Clarence Valley Council a cost-shifting victim
COST shifting isn't a new thing, but it has been cited as one of the main reasons the Clarence Valley Council is financially unstable based on current income.
According to Clarence Conversations, a new website designed to allow ratepayers to have their say on a proposed rate rise of 8% each year for five years, cost shifting from the State and Federal governments to the council was in the 2013-14 financial year estimated to have cost the Clarence Valley Council more than $7 million.
Services that have been transferred to local government in recent years include contributions to the Rural Fire Service, State Emergency Service and Fire and Rescue NSW, net public library costs, the net pensioner rate rebate, noxious weeds control and a waste levy costing $1.6 million.
Clarence Valley councillor Craig Howe said while cost shifting was in no way a new phenomenon, or the only contributing factor to the council's financial instability, he could not see the burden it creates easing anytime soon.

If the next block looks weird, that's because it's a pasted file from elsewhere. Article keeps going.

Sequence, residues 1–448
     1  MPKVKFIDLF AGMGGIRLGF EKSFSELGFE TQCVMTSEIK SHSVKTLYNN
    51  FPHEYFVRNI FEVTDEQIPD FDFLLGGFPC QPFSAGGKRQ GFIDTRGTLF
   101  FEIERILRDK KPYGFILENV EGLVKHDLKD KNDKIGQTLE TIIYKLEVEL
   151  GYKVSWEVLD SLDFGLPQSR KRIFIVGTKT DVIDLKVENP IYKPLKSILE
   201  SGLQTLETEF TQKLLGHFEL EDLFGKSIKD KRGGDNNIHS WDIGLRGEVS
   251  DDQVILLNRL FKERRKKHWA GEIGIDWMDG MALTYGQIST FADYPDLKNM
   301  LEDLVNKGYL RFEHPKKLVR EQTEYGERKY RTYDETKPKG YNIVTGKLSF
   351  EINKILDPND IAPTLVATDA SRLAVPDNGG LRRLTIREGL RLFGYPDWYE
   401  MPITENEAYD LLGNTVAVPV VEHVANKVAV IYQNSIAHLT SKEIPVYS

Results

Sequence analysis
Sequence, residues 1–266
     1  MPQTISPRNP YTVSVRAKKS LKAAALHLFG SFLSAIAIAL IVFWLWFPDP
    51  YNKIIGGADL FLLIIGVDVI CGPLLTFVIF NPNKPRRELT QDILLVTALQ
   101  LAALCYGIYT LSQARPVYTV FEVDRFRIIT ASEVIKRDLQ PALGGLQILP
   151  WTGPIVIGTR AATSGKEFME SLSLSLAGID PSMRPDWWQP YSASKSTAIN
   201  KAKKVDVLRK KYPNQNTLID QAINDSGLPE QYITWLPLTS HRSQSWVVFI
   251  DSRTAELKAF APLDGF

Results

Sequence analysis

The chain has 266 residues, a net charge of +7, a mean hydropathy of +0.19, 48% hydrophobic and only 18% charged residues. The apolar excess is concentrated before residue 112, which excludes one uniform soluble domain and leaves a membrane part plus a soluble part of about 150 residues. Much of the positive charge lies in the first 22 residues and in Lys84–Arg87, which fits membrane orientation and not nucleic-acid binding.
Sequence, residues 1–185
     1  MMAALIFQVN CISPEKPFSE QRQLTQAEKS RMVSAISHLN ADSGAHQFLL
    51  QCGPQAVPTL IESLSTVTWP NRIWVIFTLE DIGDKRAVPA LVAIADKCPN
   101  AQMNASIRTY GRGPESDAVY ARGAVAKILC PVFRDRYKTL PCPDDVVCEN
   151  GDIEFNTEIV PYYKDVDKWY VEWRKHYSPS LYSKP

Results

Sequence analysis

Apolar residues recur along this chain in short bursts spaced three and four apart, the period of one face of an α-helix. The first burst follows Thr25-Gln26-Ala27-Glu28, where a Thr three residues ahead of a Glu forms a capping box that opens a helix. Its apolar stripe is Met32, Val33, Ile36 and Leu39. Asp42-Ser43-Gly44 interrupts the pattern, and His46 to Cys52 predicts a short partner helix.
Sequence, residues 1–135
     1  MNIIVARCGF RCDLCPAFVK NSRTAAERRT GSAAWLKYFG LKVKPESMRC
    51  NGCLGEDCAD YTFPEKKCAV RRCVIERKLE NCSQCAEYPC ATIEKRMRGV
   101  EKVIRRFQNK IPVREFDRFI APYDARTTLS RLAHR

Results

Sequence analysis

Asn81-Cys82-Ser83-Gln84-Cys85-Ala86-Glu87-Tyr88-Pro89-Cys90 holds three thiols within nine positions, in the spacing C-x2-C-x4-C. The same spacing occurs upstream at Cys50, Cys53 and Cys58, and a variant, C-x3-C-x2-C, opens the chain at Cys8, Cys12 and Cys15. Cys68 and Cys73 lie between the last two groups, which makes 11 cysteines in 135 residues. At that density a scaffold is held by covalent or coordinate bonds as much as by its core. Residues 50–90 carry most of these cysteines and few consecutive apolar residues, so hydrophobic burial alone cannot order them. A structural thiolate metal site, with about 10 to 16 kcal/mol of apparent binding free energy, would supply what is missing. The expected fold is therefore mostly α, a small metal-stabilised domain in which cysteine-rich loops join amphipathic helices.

"I don't know if it's getting worse but it's certainly not stopping," he said.
"Mostly, it comes from the State Government; they're trying to balance their budgets and that's one way of doing it. Is it a necessary evil? Well, I guess if they didn't do it someone's got to be slugged for it somewhere and politically, it looks better for them if it comes from a council."
Cr Howe said most costs shifted from state to council costs were important services councillors could not say no to, despite the fact no new money comes from cost shifting.
"If we can't take on those things, they don't happen," he said.
"We don't really have the luxury of saying no."
The Clarence Valley Council already maintains more than 2068 kilometres of roads, and once the new highway is built the upkeep of the old Pacific Hwy could also fall to the council, depending on its classification.
"Technically that's not cost shifting, but we don't have a choice," Cr Howe said.
"We're not even close to keeping up with the costs of roads. That is really one of the big reasons why we're looking at a special rate duration."
Ratepayers can provide feedback on the proposed 8% rate hike via a printed or online survey, available at http://www.clarenceconversations.com.au/roadstosustainability, email email@example.com, write to Locked Bag 23, Grafton.